Evaluating the Effectiveness of Municipal Stormwater Programs
Operators of regulated MS4s are required to develop a stormwater management plan (SWMP) that includes measurable
goals and to implement needed stormwater management controls (BMPs). The process of developing a plan, implementing
the plan, and evaluating the plan is a dynamic, iterative process that helps move communities toward achievement of
their goals. This fact sheet provides guidance to MS4's to assist in the examination and evaluation of the
effectiveness of their stormwater management programs.
Funding Stormwater Programs
Guidance to assist local stormwater managers understand the alternatives available to fund their stormwater program.
The most stable source of funding is generally the stormwater utility, so this document briefly lists the various
funding alternatives then describes in more detail the three different types of stormwater utility rate structures
and the basic steps involved in creating a stormwater utility.
Incorporating Environmentally Sensitive Development Into Municipal Stormwater Programs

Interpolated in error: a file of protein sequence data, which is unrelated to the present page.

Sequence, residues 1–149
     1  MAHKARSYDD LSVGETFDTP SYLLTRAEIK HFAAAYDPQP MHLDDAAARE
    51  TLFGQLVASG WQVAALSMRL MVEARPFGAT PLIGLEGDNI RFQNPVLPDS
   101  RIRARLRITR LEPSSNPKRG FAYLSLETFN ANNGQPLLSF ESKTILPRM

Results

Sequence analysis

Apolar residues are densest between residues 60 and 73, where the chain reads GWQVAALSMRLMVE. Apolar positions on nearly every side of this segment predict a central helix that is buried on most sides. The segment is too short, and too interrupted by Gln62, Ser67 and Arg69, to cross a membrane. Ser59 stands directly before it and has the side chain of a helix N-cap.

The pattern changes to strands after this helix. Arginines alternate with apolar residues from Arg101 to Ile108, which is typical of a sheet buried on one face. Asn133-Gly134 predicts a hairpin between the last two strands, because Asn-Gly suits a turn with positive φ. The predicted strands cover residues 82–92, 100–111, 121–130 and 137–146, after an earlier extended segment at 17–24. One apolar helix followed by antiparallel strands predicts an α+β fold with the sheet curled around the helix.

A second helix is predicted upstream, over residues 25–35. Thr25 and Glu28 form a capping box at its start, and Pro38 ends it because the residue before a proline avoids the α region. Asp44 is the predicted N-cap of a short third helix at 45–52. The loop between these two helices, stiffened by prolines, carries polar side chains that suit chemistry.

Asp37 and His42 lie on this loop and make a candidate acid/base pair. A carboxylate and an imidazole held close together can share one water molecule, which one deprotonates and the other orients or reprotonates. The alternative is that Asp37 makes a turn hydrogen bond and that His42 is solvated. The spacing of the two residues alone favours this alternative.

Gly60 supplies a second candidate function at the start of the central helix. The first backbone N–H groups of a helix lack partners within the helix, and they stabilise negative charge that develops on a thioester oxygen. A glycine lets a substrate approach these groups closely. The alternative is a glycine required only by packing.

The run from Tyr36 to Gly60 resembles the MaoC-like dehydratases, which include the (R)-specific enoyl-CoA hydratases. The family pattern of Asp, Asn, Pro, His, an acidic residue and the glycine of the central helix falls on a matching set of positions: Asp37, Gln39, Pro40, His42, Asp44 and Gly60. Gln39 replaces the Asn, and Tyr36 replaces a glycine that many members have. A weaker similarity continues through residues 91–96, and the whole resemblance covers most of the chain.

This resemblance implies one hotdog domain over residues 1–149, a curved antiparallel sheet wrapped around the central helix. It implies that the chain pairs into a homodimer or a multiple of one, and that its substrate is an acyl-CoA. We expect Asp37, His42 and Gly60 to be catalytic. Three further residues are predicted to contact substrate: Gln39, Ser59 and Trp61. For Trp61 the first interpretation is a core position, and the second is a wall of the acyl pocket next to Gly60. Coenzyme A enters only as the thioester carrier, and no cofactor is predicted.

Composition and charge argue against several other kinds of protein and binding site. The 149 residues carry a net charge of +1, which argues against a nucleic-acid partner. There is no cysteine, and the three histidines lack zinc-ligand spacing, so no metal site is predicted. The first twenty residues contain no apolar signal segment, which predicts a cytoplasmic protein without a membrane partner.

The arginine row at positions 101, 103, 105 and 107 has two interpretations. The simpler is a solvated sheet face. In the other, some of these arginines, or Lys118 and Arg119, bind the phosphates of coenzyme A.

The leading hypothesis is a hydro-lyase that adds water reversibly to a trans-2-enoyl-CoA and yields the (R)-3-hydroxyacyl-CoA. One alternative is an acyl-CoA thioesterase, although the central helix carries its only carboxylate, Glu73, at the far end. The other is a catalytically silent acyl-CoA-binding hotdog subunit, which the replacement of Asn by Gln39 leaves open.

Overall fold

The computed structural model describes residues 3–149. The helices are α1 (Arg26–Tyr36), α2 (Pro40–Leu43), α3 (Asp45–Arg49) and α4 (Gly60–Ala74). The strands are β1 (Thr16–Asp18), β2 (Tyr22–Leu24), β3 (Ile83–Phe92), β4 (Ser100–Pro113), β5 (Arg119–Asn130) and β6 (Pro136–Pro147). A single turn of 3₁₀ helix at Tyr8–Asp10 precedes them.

Managing stormwater with low impact site design techniques (green infrastructure) can help jurisdictions meet
National Pollutant Discharge Elimination System (NPDES) requirements, and the techniques offer construction cost
savings as well as a variety of other benefits when compared to traditional stormwater management approaches. This
fact sheet is intended to provide a basic overview of the benefits of green infrastructure and how to implement
these practices in your MS4 community.
Understanding Impaired Waters and Total Maximum Daily Load (TMDL) Requirements for Municipal Stormwater Programs
This document describes how municipal stormwater managers can determine if their storm drain system discharges to an
impaired waterbody and how to update their stormwater management program to address a Total Maximum Daily Load
Street Edge Alternative. A alternative street design that reduces stormwater runoff from impervious surfaces.
This technique employs pervious pavements, curvelinear streets, rain gardens and native vegetation. The
practices at this particular site reduce 99% of the stormwater runoff.
Photo by Sherry Wilkins